The TPP or Trans-Pacific Partnership was a proposed trade agreement between 12 countries, including the United States, Japan, and Canada. It was designed to boost economic growth and increase trade among the involved nations. However, the agreement was considered controversial and faced opposition from different groups.
The TPP aimed to eliminate tariffs on a wide range of goods and services, reduce non-tariff barriers, and establish common rules and regulations for trade among member countries. The agreement also tackled intellectual property rights, labor standards, and environmental protection.
One of the most debated aspects of the TPP was its potential impact on jobs. Supporters of the agreement argued that it would create new jobs and boost economic growth, while opponents claimed that it would lead to the loss of jobs, especially in industries that would face increased competition from other member countries.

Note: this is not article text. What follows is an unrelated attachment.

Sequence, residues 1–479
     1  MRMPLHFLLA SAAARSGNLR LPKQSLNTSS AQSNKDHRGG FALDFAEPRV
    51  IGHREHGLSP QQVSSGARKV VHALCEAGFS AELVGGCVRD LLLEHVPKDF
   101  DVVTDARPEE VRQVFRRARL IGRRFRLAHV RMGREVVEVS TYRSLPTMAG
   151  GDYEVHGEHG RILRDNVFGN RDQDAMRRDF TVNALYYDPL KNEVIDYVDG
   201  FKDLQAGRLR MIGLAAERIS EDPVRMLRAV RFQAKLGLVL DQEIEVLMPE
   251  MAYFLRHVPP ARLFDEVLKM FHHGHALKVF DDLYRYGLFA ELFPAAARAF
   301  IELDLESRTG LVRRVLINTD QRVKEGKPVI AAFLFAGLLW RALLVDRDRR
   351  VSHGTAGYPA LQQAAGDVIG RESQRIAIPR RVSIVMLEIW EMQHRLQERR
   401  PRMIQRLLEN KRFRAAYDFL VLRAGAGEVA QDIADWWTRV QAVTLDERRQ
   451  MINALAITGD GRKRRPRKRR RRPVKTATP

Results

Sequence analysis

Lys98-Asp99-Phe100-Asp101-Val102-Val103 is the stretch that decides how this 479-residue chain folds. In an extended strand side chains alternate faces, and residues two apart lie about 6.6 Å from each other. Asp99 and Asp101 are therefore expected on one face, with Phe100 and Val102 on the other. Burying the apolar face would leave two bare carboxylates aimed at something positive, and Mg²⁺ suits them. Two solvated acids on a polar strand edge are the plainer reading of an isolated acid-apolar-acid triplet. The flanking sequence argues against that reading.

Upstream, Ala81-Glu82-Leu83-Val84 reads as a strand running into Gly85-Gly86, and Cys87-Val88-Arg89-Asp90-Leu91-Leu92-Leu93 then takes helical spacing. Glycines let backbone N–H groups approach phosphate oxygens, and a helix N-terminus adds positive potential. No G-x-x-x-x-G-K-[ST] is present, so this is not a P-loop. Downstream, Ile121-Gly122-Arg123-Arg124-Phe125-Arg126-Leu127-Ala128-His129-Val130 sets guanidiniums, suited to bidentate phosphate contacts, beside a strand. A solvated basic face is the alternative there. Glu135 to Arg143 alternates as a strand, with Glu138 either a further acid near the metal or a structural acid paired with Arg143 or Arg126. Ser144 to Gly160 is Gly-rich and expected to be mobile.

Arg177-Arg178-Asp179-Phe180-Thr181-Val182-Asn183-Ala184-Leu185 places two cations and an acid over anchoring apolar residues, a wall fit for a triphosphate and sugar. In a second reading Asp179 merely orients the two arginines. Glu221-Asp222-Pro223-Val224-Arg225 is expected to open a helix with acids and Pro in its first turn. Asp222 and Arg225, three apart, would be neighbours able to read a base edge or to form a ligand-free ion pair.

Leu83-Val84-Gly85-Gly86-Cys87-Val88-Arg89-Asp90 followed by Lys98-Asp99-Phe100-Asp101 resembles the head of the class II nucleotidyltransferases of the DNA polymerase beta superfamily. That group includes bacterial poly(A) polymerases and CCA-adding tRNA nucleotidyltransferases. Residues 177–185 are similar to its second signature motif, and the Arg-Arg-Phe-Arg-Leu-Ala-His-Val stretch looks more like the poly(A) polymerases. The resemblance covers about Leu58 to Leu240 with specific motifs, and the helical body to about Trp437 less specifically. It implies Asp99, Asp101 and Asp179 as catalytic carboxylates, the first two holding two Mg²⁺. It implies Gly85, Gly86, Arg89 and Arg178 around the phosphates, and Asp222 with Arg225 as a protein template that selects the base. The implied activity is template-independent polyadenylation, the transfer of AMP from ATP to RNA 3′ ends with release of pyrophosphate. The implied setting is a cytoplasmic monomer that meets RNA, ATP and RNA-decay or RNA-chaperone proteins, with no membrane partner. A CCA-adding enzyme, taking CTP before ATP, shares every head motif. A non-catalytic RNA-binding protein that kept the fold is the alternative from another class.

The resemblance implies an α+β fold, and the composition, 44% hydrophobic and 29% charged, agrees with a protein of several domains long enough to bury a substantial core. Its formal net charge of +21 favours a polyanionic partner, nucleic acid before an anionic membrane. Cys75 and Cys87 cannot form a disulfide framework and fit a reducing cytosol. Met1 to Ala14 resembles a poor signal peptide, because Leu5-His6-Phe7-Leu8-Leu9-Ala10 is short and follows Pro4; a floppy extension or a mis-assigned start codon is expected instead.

Another concern was the potential impact on access to medicines. The TPP included provisions that could limit the ability of member countries to produce or import generic drugs, which are cheaper than brand-name drugs. This could make it harder for people in developing countries to access affordable medications.
The TPP faced significant opposition from different groups, including labor unions, environmental organizations, and consumer groups. They argued that the agreement would favor large corporations at the expense of workers, the environment, and public health.
In 2017, President Trump withdrew the US from the TPP, effectively ending the agreement. However, some of the other member countries continued to negotiate and eventually signed a similar agreement known as the Comprehensive and Progressive Agreement for Trans-Pacific Partnership (CPTPP).
In conclusion, the TPP was a proposed trade agreement that aimed to increase economic growth and trade among member countries. However, it faced significant opposition and controversy, particularly around concerns about job losses and access to affordable medicines. While the US withdrew from the agreement, other member countries continued to negotiate and eventually signed a similar agreement.